Starbucks COO: Philadelphia arrest video ‘alarming,’ but not hurting hiring efforts

  • More than 5,000 applicants showed up to a hiring fair on Thursday where 20 companies were recruiting, including Starbucks, COO Rosalind Brewer said.
  • "If this is any indication, we don't think there's any problems," she says.
  • While the Philadelphia arrest footage was "alarming," Starbucks has the ability to start a national conversation, she says.

The arrest of two black men in a Philadelphia Starbucks doesn't appear to be having an effect on the coffee chain's ability to hire workers, its COO told CNBC on Thursday.

More than 5,000 applicants showed up to a hiring fair on Thursday where 20 companies were recruiting, including Starbucks, Rosalind Brewer said.

"If this is any indication, we don't think there's any problems," she told CNBC's Kate Rogers in an interview on "Power Lunch."

The video of the arrest went viral last month, touching off a furor around the U.S. over racial profiling.

Rashon Nelson and Donte Robinson were led away in handcuffs after the manager called the police, saying the men refused to buy anything or leave. After spending hours in jail, they were released and no charges were filed.

The men said they were waiting for a business meeting about a potential real estate deal.

On Wednesday, Nelson and Robinson settled with the city for a symbolic $1 each. They also received a promise from officials to set up a $200,000 program for young entrepreneurs.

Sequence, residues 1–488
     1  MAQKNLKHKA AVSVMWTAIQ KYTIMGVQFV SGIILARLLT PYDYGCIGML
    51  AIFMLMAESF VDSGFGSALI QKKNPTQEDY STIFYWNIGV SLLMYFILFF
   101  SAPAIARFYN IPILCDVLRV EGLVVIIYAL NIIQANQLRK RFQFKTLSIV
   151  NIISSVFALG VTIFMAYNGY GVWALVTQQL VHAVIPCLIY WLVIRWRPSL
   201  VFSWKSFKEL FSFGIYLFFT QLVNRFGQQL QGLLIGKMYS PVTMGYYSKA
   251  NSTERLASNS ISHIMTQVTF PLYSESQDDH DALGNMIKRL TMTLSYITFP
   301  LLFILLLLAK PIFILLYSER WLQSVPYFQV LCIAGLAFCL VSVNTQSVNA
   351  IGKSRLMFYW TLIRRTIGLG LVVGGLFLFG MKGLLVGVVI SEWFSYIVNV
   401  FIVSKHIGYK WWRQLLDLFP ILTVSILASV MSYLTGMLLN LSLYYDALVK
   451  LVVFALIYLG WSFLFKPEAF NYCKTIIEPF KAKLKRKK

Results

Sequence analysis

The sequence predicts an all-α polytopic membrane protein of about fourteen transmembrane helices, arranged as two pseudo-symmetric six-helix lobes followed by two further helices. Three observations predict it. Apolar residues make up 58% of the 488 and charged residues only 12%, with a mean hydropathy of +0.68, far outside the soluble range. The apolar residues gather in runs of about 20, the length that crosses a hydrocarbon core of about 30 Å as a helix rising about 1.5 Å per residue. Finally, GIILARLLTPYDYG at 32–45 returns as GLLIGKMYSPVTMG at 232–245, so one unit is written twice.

"The footage was alarming. No one ever wants to see that. And me in particular, I have a 23-year-old son. So it was deeply personal," said Brewer, who is the first female and first African-American to serve as chief operating officer of Starbucks.

CEO Kevin Johnson has apologized for the incident and after the settlement was reached thanked the two men for "their willingness to reconcile."

"I welcome the opportunity to begin a relationship with them to share learnings and experiences. And Starbucks will continue to take actions that stem from this incident to repair and reaffirm our values and vision for the kind of company we want to be," Johnson said in a statement Wednesday.

Last week, he told CNBC the arrests and the calls for boycotts did not affect Starbucks' April sales.

Brewer said the company is "pleased" about where it is now and where it plans to go.

"This wasn't one of our best moments but one thing that I can tell you personally is that I'm so proud that this company already had such a great foundation," she said. "We have the ability to start a national conversion."

And the work won't stop just at Starbucks, Brewer noted.

"We want to partner with other companies, we want to improve things in the city of Philadelphia. And we're very optimistic about that."

The company plans to close Starbucks stores on May 29 for racial-bias training.

— The Associated Press contributed to this report.

Correction: Over 5,000 applicants showed up to a hiring fair where 20 companies were recruiting, including Starbucks. An earlier version mischaracterized the number of applicants.